After a bit of a lie in, we left Markham Park behind and began the very long drive to Key West. SunPass tolls made a reappearance, but this time we were not forced to go through a toll that we couldn’t pay and managed to avoid tolls all the way. The overseas highway through the Keys was beautiful, but so so long. We stopped off at a supermarket to buy supplies for the next few days as well as a pint of Ben & Jerry’s for lunch, which we had to eat very quickly in the car before it melted. The rest of the drive was uneventful and we arrived at Leo’s Campground at about half past 2. We were walked over to our campsite, which overlooked a mangrove swamp with our own private deck.

Our campsite, complete with private deck and mangrove swamp

We set up the tent and Lizzie devised a system of anchoring it (driving the car over the guy rope) since we couldn’t drive the pegs into the coral. After setting up the tent we had a pretty quiet afternoon catching up with our blogs and after having brie and tomato sandwiches for dinner we watched some TV on the laptop before bed.

After a slow start we went to catch the bus into Key West proper, but managed to miss it. With the next bus not for about an hour and a half, we decided to walk since it couldn’t be too far. It was far, even though the island is only 4 miles by 2 miles, we walked about 3 miles before we reached the main beach. We liked the idea of parasailing and asked if we needed to book to go parasailing the next day, apparently not, and they will give us the Spring Break student discount even though our student cards are out of date and in the UK, win! After trying to catch the bus into town we had about an hour to wait, so settled down on the beach to read for a bit. This was not to be either as we attracted a strange man (this is becoming a theme) who told us all about places to go in Key West, we then escaped to wait at the bus stop. The bus eventually arrived and after chatting with more strange men on the bus we arrived on Duval Street. Our first stop was Margaritaville for lunch, disappointingly they only accepted passports as ID, so Liz was unable to have a margarita, I had a raspberry flavoured one which was nice, but rather alcoholic. After lunch we wandered along Duval St, popping into various shops along the way. We looked briefly for Mallory Square, apparently the place to go at sunset, but overwhelmed by the crowds and faced with the decision of waiting 2 hours for a bus or going home now, we headed back to the campsite. Our evening was mostly taken up by planning the next month of our trip on the office porch (to get Wifi) with a few beers. Later on we were joined by a couple of boys staying in the campsite to play drinking UNO and Scrabble for the rest of the evening… we do lead such exciting lives!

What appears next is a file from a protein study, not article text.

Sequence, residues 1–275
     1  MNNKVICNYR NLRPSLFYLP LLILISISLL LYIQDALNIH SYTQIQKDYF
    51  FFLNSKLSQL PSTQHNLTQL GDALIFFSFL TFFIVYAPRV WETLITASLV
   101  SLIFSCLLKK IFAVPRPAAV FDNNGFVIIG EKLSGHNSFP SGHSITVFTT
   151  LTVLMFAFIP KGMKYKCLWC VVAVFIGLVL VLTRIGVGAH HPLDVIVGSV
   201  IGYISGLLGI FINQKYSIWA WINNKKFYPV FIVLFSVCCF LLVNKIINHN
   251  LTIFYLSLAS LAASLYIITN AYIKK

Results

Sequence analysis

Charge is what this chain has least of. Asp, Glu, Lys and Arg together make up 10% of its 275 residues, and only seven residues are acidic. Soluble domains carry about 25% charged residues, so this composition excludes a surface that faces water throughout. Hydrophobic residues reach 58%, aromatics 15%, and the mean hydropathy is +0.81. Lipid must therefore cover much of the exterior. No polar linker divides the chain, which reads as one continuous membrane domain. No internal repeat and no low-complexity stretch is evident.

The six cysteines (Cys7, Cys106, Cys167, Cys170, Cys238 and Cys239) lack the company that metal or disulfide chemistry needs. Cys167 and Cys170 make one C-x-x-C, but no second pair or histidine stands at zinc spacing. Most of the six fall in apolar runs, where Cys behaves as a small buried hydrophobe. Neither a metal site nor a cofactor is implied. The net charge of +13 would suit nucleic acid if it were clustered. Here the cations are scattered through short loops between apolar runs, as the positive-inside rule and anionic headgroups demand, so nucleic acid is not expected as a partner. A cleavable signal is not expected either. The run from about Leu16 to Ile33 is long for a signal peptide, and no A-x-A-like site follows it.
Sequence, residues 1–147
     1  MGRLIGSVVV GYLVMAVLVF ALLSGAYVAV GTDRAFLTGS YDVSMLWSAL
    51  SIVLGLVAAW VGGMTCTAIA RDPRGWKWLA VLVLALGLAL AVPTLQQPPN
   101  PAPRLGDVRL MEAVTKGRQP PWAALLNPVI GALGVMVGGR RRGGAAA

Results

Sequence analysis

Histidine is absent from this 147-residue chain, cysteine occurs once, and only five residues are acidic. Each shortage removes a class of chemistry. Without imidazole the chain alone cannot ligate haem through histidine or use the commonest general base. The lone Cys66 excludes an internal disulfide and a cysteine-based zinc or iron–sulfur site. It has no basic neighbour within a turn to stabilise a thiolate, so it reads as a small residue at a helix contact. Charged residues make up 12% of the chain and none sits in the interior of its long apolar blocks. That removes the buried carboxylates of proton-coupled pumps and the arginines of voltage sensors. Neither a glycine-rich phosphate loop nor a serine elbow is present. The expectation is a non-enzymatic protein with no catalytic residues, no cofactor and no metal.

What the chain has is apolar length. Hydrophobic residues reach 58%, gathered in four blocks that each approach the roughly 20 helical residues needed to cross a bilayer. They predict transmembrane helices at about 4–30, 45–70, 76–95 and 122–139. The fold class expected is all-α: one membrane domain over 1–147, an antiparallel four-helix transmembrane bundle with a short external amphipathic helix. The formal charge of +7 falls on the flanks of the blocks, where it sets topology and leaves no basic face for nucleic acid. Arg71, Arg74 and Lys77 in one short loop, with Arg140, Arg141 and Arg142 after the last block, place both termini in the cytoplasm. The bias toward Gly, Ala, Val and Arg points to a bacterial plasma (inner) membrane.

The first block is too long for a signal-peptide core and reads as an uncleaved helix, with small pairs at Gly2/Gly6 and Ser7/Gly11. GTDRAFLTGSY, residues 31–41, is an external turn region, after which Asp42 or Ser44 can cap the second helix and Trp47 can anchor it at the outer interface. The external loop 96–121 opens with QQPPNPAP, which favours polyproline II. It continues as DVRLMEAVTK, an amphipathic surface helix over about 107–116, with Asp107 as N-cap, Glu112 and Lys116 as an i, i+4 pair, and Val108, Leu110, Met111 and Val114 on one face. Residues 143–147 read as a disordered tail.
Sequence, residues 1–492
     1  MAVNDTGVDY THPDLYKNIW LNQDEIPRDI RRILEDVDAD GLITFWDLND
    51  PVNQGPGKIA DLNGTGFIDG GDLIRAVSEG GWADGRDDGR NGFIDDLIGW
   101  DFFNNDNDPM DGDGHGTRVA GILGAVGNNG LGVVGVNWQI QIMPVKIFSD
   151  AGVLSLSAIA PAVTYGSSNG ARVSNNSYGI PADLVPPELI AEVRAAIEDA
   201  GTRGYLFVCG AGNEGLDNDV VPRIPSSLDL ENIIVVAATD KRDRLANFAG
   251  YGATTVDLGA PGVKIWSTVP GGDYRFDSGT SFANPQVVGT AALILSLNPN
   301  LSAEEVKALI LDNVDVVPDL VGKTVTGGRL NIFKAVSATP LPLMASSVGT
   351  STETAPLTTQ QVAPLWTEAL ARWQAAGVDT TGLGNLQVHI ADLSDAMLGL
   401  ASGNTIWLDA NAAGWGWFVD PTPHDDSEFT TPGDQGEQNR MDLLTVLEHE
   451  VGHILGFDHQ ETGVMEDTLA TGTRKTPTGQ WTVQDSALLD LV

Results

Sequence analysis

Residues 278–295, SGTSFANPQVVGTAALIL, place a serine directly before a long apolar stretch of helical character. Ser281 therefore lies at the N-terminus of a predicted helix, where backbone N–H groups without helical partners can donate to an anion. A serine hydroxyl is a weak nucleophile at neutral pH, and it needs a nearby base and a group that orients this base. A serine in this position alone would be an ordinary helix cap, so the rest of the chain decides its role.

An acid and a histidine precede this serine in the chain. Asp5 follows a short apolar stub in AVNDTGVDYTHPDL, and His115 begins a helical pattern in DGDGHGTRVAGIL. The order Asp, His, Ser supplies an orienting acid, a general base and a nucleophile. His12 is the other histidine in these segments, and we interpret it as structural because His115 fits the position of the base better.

We were up very early the next day to decant everything from the car so Liz could take it to “check in” with Alamo while I guarded the stuff at the campsite. She returned with minutes to spare until the next bus and we hurried to the bus stop and got there just as the bus rounded the corner. It was a short bus ride to the beach where we signed up for our beach pass and booked our parasail for noon. Our first stop was to take a two man kayak out, we were advised to head into the wind then drift back when we were tired since abandoning the boat further up the beach would cost us, as would rescue. The kayaking was great fun, although it was very hard work in the windy conditions. After about half an hour out on the water we returned the kayak, got some lunch and sat in sun loungers waiting for our parasail time to come around. It was getting windier and windier and the previous group were late returning and some of them had not been able to “fly”. We were told that we could wait until later in the day, weather depending, come back tomorrow or get a refund. Since we were leaving in the morning and didn’t fancy waiting around on a cold windy beach all day we went for the refund option. Having just missed a bus, we started walking then caught the bus when it got to us. Back at the campsite we had another quiet afternoon, planning to go back into town later that evening after more planning. We were both so tired that this never happened, but we did go for a drive since we were told that we could not miss Duval St at night. It was very different from the day time, but we realised that we really didn’t have the energy for it, so not going out was a good idea. Back at the campsite, we weren’t up for long before heading to bed, Terry is taking us kayaking through the mangroves tomorrow morning at 8am before we hit the road.